Gastrointestinal imaging in HIV.
Opportunistic infections and neoplasms can involve any segment of the gastrointestinal (GI) tract in patients with HIV infection, but most commonly the oesophagus and colon. When evaluating an HIV-infected patient with GI symptoms the most important aspects are (a) knowledge of the CD4 cell count and (b) whether the patient is taking highly active antiretroviral therapy (HAART) [1-3]. The CD4 cell count is the strongest predictor of opportunistic disorders. In general, cytomegalovirus (CMV) colitis or oesophagitis and idiopathic oesophageal ulceration rarely present until the CD4 lymphocyte count falls below 100 cells/[mm.sup.3] [2-4]. However, even in patients taking HAART, opportunistic disorders can occur . Although Candida oesophagitis typically occurs in the setting of more advanced immunosuppression (CD4 count <200 cells/[mm.sup.3]), it may complicate acute HIV infection (HIV seroconversion syndrome) [6,7]. Mycobacterium avium complex (MAC) infection is associated with severe immunodeficiency (median CD4 lymphocyte count <50 cells/[mm.sup.3]) [6,7].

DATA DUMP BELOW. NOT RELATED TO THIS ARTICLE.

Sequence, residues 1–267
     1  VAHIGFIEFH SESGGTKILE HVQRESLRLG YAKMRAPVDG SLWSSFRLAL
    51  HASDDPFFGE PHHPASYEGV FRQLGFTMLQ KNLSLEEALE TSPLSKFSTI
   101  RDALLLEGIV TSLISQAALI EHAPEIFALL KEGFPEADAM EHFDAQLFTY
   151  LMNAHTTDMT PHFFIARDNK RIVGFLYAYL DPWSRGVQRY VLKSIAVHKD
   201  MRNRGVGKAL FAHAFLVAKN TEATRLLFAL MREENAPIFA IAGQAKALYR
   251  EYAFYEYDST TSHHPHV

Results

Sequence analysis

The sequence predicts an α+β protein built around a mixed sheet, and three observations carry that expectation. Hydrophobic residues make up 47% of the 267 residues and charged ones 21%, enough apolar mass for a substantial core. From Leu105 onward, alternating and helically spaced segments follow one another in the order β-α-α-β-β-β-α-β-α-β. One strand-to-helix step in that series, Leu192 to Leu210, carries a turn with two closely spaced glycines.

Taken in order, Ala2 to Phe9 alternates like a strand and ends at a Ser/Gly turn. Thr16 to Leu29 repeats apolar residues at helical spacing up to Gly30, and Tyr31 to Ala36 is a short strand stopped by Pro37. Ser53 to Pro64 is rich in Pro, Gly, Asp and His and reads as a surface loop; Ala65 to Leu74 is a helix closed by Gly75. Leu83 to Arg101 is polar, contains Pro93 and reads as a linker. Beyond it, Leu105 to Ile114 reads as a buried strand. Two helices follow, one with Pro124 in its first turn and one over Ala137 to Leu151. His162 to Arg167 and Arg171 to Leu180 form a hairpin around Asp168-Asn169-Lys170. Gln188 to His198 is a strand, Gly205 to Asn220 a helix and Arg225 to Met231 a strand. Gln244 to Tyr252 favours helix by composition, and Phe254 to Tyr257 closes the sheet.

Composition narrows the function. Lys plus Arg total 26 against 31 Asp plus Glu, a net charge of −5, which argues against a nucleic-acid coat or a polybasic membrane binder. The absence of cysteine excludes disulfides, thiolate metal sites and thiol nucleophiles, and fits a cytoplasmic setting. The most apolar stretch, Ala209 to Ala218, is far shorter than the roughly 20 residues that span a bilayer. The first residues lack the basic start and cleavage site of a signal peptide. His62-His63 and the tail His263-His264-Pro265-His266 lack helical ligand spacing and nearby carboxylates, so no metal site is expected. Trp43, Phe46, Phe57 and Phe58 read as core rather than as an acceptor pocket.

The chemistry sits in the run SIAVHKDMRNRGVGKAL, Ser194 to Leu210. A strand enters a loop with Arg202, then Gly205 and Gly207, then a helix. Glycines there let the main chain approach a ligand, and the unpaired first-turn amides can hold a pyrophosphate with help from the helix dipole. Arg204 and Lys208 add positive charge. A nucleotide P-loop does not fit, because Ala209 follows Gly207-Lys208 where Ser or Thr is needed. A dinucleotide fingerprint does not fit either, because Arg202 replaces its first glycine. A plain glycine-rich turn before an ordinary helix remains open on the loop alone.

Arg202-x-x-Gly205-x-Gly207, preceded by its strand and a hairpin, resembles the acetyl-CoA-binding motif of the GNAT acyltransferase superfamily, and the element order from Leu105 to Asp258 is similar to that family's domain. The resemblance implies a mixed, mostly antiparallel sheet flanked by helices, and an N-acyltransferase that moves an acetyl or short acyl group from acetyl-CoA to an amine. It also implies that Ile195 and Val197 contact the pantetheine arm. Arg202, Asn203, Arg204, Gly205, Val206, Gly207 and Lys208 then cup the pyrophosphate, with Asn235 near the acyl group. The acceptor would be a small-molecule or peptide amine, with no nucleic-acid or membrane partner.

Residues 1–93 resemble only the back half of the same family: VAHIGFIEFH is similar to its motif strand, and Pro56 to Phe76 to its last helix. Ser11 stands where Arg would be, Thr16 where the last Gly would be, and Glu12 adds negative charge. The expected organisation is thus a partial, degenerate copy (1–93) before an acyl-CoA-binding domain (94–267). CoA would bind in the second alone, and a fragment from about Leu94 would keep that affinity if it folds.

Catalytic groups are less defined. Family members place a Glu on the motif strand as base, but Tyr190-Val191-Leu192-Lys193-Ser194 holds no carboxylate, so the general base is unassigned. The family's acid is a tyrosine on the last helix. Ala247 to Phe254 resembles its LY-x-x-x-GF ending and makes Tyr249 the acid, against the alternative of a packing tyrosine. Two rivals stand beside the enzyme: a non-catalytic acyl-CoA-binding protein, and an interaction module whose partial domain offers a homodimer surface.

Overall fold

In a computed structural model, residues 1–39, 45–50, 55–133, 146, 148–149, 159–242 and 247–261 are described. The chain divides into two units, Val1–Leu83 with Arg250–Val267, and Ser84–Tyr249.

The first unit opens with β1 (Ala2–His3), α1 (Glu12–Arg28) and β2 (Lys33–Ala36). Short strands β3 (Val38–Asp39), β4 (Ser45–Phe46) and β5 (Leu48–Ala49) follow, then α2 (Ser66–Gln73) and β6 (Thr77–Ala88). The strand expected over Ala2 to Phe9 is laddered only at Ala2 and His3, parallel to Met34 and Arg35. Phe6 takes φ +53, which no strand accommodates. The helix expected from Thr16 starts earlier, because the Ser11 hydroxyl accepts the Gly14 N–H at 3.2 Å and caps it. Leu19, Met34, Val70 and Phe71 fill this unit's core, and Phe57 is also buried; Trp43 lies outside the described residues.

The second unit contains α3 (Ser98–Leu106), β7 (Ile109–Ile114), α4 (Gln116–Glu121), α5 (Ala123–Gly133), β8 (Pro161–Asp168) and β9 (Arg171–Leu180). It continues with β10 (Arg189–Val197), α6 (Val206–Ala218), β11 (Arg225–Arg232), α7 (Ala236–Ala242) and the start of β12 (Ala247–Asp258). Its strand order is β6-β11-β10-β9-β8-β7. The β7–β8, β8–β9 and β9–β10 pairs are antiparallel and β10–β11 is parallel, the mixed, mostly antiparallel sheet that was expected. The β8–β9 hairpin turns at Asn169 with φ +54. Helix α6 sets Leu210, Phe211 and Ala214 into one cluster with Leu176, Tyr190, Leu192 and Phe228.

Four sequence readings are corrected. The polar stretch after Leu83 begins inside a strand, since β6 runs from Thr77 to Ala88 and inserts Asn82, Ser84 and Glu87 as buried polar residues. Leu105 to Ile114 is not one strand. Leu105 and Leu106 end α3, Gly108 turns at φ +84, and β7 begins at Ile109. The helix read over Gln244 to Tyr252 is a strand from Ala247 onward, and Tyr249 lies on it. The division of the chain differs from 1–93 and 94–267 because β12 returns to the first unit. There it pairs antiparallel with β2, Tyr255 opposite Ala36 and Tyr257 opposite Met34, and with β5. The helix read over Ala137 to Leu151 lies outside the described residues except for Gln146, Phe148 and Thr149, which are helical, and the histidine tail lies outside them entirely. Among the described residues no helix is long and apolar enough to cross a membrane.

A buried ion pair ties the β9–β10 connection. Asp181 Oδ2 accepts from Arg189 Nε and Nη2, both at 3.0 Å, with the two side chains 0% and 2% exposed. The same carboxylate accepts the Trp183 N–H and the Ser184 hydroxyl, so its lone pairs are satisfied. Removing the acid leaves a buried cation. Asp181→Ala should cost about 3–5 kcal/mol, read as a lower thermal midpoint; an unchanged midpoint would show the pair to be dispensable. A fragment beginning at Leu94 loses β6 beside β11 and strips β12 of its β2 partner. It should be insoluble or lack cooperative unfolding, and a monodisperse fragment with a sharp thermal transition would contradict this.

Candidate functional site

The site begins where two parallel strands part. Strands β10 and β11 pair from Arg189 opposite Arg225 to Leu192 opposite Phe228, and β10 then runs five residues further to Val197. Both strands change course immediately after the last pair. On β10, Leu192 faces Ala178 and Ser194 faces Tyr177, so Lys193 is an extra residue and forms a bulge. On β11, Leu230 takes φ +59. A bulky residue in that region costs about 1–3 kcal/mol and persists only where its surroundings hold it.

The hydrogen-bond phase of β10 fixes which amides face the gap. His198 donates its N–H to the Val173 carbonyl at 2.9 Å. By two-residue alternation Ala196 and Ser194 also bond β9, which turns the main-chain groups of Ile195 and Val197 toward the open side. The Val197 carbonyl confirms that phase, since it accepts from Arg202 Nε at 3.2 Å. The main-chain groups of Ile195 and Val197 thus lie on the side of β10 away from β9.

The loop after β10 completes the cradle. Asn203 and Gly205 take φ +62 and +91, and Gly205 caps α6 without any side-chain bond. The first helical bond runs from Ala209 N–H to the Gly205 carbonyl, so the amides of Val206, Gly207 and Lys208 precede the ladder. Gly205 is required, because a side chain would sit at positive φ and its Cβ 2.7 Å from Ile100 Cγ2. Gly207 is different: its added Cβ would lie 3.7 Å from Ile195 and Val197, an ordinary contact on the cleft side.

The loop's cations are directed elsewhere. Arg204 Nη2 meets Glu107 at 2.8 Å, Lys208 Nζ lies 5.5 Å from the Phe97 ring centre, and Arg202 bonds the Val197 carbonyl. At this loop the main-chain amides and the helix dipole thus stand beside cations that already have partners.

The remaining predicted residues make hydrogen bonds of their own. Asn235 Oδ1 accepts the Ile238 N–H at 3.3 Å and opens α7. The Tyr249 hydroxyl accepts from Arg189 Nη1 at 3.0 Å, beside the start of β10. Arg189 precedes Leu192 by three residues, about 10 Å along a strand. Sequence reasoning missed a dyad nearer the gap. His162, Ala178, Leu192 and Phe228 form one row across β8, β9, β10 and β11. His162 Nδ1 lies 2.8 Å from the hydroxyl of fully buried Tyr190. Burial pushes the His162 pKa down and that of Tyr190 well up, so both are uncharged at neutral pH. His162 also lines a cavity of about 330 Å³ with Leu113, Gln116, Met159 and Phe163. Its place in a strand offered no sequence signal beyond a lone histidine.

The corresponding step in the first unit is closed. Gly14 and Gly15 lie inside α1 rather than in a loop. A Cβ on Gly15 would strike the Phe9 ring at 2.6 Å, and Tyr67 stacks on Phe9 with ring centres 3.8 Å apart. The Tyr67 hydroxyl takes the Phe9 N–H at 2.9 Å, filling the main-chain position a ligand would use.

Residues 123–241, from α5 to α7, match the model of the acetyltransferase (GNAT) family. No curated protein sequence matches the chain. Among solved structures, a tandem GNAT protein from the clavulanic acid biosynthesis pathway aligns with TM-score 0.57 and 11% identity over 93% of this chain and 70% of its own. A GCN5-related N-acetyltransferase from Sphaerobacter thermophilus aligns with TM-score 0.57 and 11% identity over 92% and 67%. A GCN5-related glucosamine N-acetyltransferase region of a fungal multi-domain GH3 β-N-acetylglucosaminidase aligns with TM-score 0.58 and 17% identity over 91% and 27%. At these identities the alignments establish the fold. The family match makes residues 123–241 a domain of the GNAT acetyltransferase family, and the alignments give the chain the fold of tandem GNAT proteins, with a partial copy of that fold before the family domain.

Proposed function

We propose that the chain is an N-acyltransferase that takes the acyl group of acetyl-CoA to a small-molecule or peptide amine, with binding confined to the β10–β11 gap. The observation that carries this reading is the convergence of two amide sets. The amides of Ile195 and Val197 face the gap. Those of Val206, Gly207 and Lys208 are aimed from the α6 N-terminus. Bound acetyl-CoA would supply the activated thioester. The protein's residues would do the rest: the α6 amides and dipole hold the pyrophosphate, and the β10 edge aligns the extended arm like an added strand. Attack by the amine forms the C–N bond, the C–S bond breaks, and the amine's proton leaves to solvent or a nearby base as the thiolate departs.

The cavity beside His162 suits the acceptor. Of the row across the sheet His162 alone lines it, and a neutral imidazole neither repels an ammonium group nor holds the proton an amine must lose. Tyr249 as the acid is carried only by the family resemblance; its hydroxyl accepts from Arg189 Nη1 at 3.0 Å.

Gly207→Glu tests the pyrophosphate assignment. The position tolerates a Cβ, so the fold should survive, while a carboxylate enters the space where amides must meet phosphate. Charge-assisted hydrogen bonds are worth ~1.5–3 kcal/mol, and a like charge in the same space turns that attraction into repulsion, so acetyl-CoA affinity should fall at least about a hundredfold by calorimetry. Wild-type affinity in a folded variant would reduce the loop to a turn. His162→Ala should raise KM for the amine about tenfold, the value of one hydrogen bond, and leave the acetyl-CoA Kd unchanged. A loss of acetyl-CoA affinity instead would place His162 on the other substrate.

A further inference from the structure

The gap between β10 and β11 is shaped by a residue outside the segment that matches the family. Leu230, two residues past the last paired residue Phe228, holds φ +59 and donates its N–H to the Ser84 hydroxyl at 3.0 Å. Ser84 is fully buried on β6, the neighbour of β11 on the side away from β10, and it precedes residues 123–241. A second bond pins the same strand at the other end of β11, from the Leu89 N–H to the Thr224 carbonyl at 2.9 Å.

Endoscopy plays a major role in these patients, because it permits not only direct visualisation of the entire oesophagus, stomach, duodenum and colon, but also allows for tissue biopsy and endoscopic therapy (e.g. injection of bleeding vessels, steroid injections for idiopathic oesophageal ulcers). In addition, the frequent occurrence of multiple simultaneous disease processes (e.g. Candida and CMV oesophagitis) makes a definitive diagnosis essential [7,8].
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Oesophageal candidiasis appears endoscopically as multiple yellow-white plaques with the appearance of 'cottage cheese', which may be isolated or confluent or coat the entire oesophagus, causing luminal impingement [6,9,10,11] (Figure 1). Any portion of the oesophagus may be involved, but there appears to be a predilection for the proximal oesophagus with distal involvement in more severe disease. However, isolated involvement of the mid- or distal oesophagus may occur.